Bank of America, Wells Fargo and Chase are ready to offer a little relief if you get charged with an overdraft. Bank of America and Wells Fargo plan to stop charging consumers who overdraw by small dollar amounts--respectively by $10 and $5--and lower the number of times, to four from 10 a day, that consumers can get hit with an overdraft fee. Most of Bank of America's changes will take effect in October while Wells Fargo is trying to figure out when the changes will take effect. Furthermore, BofA is also eliminating a policy in June of automatically paying overdrafts for new customers and charging them $35 each time instead overdraft will be opt-in. Chase says they start clearing debit card and ATM transactions in the order they occur, rather than by largest dollar amount first--a dirty trick that empties consumers' bank accounts faster amounting in more overdrafts. Interesting timing considering that financial institutions are expected to reap a record $38.5 billion from overdraft fees in 2009, according to Moebs Services, an economic research firm. Read more here.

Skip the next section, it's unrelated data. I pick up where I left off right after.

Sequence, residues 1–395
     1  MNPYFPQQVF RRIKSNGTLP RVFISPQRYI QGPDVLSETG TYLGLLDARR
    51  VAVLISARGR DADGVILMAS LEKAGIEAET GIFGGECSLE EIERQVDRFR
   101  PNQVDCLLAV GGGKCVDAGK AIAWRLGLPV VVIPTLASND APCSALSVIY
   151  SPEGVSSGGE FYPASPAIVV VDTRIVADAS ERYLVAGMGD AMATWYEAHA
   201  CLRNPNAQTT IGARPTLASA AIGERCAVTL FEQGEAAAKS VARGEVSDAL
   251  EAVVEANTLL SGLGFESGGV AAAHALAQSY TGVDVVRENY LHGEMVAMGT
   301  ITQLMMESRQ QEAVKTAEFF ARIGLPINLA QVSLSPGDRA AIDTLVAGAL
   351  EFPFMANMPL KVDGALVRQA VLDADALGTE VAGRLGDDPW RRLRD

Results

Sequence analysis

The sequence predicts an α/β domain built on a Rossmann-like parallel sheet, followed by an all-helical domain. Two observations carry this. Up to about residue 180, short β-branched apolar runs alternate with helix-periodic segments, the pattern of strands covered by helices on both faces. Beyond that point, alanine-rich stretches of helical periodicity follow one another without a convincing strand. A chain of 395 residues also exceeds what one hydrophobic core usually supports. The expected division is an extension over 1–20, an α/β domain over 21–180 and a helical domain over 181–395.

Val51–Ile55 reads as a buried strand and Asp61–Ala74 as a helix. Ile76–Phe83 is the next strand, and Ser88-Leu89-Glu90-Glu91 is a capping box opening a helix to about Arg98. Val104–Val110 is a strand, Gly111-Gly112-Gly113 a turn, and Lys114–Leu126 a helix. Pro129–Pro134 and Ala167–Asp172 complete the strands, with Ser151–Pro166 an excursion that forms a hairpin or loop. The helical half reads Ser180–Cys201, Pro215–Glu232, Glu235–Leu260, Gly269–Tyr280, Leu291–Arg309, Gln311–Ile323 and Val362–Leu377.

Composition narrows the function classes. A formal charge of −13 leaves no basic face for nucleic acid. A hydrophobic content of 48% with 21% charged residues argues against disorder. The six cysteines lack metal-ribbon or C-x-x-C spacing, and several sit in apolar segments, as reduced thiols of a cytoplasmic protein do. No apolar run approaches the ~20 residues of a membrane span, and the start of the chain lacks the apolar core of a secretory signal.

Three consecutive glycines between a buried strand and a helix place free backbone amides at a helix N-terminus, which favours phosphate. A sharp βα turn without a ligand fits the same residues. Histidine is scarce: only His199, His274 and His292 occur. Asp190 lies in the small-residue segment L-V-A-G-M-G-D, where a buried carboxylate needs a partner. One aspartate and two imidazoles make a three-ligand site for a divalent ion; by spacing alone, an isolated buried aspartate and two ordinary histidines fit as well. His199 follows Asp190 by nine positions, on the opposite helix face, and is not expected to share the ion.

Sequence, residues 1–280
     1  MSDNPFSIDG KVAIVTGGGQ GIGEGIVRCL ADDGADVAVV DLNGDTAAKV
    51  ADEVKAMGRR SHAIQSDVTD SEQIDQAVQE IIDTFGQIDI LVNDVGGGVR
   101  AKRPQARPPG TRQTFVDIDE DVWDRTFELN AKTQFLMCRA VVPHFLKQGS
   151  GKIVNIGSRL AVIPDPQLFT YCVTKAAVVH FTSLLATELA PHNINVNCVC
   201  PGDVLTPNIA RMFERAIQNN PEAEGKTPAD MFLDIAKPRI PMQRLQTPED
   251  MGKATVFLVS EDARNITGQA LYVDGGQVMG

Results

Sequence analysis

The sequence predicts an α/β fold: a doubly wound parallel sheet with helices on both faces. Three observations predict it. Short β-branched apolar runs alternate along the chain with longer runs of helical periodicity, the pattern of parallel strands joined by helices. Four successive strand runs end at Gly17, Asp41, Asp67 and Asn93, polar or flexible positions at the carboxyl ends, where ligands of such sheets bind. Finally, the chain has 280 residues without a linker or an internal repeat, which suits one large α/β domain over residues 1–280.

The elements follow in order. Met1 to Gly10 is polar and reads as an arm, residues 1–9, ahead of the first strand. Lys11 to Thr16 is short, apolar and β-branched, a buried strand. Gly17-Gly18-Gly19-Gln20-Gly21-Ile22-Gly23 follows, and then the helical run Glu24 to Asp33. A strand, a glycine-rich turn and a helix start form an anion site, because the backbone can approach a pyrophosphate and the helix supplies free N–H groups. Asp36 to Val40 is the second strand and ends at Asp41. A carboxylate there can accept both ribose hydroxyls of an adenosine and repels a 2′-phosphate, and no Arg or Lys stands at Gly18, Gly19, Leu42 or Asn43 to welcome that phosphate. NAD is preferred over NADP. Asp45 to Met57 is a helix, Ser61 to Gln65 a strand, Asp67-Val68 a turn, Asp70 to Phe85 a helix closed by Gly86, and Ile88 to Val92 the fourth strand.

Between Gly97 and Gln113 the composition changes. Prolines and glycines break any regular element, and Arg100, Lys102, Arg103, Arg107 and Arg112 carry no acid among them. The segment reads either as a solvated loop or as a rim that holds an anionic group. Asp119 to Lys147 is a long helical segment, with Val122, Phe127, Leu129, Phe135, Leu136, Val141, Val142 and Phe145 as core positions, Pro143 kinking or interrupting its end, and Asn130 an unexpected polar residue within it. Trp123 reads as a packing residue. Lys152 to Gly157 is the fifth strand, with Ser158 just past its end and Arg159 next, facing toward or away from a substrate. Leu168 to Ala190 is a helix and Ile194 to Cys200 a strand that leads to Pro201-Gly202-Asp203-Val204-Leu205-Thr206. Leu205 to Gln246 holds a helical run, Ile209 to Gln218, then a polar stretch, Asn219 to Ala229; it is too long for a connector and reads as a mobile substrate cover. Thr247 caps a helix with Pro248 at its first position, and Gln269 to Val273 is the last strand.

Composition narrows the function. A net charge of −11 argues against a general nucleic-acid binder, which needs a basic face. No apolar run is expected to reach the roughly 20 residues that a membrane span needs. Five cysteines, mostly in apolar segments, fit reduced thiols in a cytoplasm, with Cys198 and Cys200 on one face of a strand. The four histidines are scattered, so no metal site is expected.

In an unrelated story, a California woman, Ann Minch, made a widely publicized YouTube video calling for a "Debtors Revolt," announcing she wouldn't be paying her credit card bills because her interest rates skyrocketed. Her frustration came after her credit card rose from 12.99% to 30% even though she was a longstanding customer and always made her payments on time. This happened throughout the industry as a number of credit card issuers boosted rates and changed terms on their cardholders ahead of a federal law that reins in such acts.
Well, Ann's video took off and a BofA executive contacted her and restored her rate back to 12.99%. Here's a link to the full story
and below is the follow-up video from Ann, which she says that they still are screwing up her interest rate.